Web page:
Thanks goodness we have not had freezing rain to wreak havoc on our power lines although we did have some anemic snow flurries on Tuesday a week ago.  I’m always amazed when our southern neighbors have more snow and sleet than we do.  My friend Barbara Ann Parker of Purvis (south of Hattiesburg) said her dog Gizzamo who lived in Las Vegas for 10 years was so tickled with their snow fall that he begged her to make snow ice cream.  Barbara stays in touch with Louisville happenings through her kinswoman Coleen Wright.  And in Tuscaloosa, Hallie Jean Frazier Blalock, L’ville native reported being snowed in for several days due to snow and ice.  She called me to say she mailed my birthday card in time but the mail truck couldn’t get out of Tuscaloosa for several days.  The best homemade bread I’ve ever tasted was delivered to me by hand by my neighbors Pat and Tim Sims. Dee Dee  Byrd caught them at church and asked them to bring it to me.  It was scrumptious.  Dee Dee outdid herself in baking this sweet basil, cardamon delight of sustenance.  Marveen received a cinnamon loaf baked by Dee Dee and hand delivered by Rachel Brownlee, Marveen’s neighbor.

The Souper Bowl was a disappointment to many in our neck of the woods cause we were pullin’ for Peyton.  But since the Ceehawks hadn’t  won in 30 years, I guess it’s only fair that the underdog forge ahead to victory this time.

The LHS Supper Club met at Market Café on Saturday February 8.  A good crowd gathered to reconnect and catch up on the latest. Among the L’ville attendees were Peggy Causey, Johnny Sharp, Belle Forster, Yvonne McMillin and Joe Hancock.

Ruth Warner told me a tall tale about my cuz Doug Cunningham when he was a standout football player for LHS.  In his senior year there were some fans who wanted him to sign with Mississippi State and others pushing him to sign with Ole Miss.  A few State fans conspired to kidnap Doug and take him to Starkville coercing him to sign up as a Mississippi State football player.  But Jack Warner, an Ole Miss fan, found out about it and snuck Doug down in his basement hiding him out until the conspirators despaired at not finding him and finally gave up in desperation.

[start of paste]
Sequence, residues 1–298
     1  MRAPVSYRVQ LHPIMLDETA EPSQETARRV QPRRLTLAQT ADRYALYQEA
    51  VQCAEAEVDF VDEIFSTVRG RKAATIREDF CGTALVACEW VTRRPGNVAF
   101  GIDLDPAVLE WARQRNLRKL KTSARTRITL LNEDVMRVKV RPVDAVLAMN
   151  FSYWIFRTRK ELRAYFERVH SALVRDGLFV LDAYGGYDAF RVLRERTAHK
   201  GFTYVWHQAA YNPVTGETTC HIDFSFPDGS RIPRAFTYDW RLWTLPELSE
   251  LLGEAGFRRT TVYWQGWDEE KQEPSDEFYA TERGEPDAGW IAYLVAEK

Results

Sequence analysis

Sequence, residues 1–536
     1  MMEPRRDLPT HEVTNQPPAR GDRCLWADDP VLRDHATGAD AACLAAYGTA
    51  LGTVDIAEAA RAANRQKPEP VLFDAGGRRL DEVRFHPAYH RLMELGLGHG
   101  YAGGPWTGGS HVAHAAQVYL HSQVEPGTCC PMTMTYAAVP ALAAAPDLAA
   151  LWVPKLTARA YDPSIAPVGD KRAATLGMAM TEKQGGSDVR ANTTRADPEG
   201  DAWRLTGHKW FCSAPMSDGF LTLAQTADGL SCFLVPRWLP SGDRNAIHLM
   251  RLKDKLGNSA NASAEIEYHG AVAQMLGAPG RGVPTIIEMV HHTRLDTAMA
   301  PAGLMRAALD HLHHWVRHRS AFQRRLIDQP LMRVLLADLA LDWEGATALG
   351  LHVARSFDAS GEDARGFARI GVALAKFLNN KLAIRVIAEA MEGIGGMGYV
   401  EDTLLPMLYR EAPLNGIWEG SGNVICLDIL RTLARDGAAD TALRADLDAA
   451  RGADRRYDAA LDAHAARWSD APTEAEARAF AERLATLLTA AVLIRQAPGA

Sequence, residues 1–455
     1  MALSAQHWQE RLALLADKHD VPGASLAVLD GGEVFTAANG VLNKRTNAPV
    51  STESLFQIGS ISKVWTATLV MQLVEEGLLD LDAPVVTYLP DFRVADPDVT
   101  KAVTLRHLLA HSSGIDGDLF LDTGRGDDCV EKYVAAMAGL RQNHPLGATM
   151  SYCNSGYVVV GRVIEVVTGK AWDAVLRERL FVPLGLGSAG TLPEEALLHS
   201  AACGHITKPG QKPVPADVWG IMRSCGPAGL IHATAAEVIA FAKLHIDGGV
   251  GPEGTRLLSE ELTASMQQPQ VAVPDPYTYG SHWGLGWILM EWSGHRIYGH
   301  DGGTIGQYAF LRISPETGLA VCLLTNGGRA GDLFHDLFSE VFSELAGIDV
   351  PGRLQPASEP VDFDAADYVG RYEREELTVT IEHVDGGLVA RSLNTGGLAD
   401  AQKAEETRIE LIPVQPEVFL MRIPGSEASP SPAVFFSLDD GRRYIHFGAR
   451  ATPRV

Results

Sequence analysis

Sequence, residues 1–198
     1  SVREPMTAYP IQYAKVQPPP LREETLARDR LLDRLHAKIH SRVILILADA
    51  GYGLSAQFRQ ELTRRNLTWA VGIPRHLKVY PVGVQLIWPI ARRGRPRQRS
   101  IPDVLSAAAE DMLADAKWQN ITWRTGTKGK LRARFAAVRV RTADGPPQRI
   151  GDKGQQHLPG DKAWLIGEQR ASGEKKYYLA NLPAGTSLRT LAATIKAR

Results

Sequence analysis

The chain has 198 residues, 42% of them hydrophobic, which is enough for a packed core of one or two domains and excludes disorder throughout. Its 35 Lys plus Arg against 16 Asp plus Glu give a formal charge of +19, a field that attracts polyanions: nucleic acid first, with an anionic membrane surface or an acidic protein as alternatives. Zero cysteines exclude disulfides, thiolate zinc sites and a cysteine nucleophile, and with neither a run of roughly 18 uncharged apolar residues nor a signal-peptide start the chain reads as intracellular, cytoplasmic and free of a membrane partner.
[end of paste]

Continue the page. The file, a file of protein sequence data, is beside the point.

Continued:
And I’ve got a short but factual tale for you about Doug’s dad, my Uncle Julian.  He was County Superintendent of Education and responsible for the pick-up and delivering of new school buses when the county made a purchase.  The point of pick-up was at the Bluebird Body Co. in Highpoint, N.C. As a treat for the kids in the family he’d let one or two of us travel with him on the train and drive back in the bus.  When my time came I was about 11 or 12 years old.  It was my first train ride and I was delighted to see the outside world from the window of the train.  A little country girl’s eyes can really get wide with wonder.  On our way back when were driving in the school bus and hit HWY 15 in north Mississippi, Uncle Julian pulled over at a country store and parked.  He asked me if I would be willing to drive a spell for he was extremely sleepy all of a sudden.   He had let me drive a tractor a time or two and I felt quite confident I could manage a bus.   So I got into the driver’s seat with wide eyes, courage in my heart and proud to be called on in need.  He coached me on the clutch and I steered that wide-bodied Bluebird bus about 30 miles on two lane Hwy 15 toward home.  Uncle Julian sat in the first row where the rail was in front of two seats and rested his head on his arm draped over the rail.  Of course we met very few other vehicles on HWY 15 and had no untoward happenings wending our way home.